Noncompete Rulemaking Update – Employees Still Waiting.

By: Attorney J. Paul Porter

Employees have at least 6 months more waiting time left for a major regulatory employment law change.

On January 5, 2023 the FTC proposed a rule that would make existing and future non-compete agreements illegal.

Since then, the FTC voted to extend the public comment period by 30 days with one member of the Commission stating she would have voted for a 60 day extension “[g]iven that the proposed rule is a departure from hundreds of years of precedent” that “would prohibit conduct that 47 states allow.”

The extended public comment period ended on April 19, 2023. The FTC received nearly 27,000 public comments. In particular hospitals and doctors were known to be at odds.

Now that the comment period is over, there is a 180 day-notice period before the rule can go into effect. That means the earliest the rule can go into effect is mid-October.

It is expected that lawsuits will follow over the rulemaking process and the FTC’s authority to make this rule.

If the rule withstands the legal assault this will be a monumental paradigm shift in favor of workers. Employees, if the noncompete ban is enforceable, will no longer be bound by restrictive covenants and will gain more bargaining power and leverage to insist on better terms and conditions of employment.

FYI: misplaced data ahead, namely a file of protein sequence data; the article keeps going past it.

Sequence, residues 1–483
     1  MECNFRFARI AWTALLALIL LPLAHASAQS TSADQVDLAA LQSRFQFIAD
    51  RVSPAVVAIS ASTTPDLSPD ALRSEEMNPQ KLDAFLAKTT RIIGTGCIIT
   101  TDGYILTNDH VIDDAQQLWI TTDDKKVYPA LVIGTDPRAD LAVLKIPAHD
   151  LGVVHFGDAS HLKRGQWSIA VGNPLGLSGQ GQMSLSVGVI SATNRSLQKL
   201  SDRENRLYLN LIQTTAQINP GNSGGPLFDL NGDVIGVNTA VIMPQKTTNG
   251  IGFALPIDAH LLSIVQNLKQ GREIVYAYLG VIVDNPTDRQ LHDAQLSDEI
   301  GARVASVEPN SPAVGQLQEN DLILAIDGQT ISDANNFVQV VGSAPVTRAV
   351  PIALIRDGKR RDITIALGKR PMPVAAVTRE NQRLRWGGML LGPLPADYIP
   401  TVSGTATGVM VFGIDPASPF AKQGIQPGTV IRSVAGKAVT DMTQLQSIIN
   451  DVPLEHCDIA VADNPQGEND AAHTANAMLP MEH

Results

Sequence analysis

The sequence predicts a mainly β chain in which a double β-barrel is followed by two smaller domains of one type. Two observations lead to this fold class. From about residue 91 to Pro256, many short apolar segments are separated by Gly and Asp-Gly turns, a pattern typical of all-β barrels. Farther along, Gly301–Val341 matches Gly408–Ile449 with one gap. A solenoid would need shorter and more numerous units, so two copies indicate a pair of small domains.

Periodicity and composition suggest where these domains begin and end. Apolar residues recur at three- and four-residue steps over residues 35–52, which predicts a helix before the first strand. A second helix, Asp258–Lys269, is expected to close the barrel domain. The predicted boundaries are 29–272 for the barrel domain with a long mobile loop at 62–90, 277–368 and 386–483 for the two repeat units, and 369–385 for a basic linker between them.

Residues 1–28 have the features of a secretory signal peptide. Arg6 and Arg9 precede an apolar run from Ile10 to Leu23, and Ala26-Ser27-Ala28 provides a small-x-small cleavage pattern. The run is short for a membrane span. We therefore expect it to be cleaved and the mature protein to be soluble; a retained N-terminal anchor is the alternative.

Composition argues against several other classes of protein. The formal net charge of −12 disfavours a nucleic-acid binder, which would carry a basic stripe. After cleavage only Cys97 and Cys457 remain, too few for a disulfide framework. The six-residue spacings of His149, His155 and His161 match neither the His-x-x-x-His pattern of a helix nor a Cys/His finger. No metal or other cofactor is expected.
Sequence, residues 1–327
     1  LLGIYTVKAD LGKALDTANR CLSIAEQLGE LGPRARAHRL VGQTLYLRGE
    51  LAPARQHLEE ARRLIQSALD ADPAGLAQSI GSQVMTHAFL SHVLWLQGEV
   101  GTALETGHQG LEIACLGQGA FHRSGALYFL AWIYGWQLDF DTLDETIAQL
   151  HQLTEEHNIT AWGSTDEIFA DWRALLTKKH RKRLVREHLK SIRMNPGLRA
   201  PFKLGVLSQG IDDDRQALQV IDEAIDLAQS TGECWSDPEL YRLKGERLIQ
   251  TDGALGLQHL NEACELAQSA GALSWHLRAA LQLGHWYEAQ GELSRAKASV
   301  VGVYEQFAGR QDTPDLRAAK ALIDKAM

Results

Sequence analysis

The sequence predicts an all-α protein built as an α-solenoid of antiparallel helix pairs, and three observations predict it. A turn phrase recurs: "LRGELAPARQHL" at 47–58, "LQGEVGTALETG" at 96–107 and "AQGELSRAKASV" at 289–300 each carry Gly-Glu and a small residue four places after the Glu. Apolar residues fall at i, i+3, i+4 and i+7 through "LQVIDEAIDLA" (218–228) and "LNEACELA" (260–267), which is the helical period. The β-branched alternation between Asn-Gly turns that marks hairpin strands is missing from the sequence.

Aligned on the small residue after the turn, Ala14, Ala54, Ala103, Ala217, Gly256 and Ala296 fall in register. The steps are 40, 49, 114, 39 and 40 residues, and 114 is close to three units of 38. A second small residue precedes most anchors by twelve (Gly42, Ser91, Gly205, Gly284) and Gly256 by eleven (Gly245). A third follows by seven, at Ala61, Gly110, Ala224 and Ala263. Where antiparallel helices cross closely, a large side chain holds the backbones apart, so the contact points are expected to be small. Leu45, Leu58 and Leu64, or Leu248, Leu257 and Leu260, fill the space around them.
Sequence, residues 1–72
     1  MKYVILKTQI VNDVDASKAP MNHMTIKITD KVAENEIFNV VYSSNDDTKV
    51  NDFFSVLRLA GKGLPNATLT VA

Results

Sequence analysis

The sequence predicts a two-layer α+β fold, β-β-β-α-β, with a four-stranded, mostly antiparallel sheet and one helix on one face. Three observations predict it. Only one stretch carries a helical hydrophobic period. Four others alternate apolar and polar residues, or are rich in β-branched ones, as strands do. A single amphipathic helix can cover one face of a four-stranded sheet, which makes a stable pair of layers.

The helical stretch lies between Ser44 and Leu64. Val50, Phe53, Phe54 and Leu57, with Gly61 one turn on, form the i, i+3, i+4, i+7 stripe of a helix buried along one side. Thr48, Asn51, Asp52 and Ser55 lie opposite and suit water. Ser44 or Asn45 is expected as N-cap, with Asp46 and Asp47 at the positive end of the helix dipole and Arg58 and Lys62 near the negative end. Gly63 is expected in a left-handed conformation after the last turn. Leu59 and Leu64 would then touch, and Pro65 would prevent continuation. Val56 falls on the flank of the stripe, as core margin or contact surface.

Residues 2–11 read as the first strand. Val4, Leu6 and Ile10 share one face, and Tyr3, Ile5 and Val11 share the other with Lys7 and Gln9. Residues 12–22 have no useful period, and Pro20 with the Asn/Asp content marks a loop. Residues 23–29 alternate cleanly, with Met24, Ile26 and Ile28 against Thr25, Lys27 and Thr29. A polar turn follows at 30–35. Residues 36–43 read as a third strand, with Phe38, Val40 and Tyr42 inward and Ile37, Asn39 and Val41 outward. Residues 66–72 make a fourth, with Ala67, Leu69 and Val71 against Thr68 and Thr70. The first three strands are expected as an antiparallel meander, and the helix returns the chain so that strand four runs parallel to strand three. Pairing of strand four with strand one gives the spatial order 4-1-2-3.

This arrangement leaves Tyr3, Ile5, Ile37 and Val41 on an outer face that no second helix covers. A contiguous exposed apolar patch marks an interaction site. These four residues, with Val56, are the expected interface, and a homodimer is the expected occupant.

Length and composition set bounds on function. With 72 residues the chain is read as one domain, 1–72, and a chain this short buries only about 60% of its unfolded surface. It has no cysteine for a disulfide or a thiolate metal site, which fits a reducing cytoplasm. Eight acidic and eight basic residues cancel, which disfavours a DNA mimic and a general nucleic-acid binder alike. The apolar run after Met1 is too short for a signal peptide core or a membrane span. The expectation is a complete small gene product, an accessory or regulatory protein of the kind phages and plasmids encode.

Non-Compete Agreement

Proposed FTC Rule to Outlaw Non-Compete Agreements

By: Attorney J. Paul Porter

The Federal Trade Commission (FTC) published a proposed rule on January 5, 2023, that would make existing and future non-compete agreements illegal. The FTC says that around 30 million people in the United States are bound by non-compete clauses which restrict their ability to pursue better employment opportunities.

A non-compete agreement is a contract, called a restrictive covenant, that restricts an employee from working for a business or starting a business that does the same kind of work as the worker’s previous employer. These agreements often apply regardless of whether one leaves an employer voluntarily or is terminated.

The FTC says these agreements unfairly limit workers’ ability to earn a living and amount to an “unfair method of competition.” This rule, if it becomes an official regulation, will make existing non-compete agreements unenforceable and employers will have to notify their employees that their non-compete agreements are no longer valid within 180 days of the rules formal publication. It will also make it illegal to enter into new non-competes with employees.

The rule will not bar non-compete agreements for persons who are selling a business.

Right now, in South Carolina, non-compete agreements are enforceable if the employee got something of value for signing the agreement (called consideration), if they do not violate South Carolina public policy, and if they are reasonable as to their geographic reach, duration in time, and scope of work.

CBPH is experienced in assisting employees and former employees in reviewing restrictive covenants and in protecting them from claims they violated non-compete agreements. We are paying close attention to the rule-making process and will update here as significant developments occur.

Business Law, Employment Law, FTC, Non-compete, Noncompete, Restrictive Covenant

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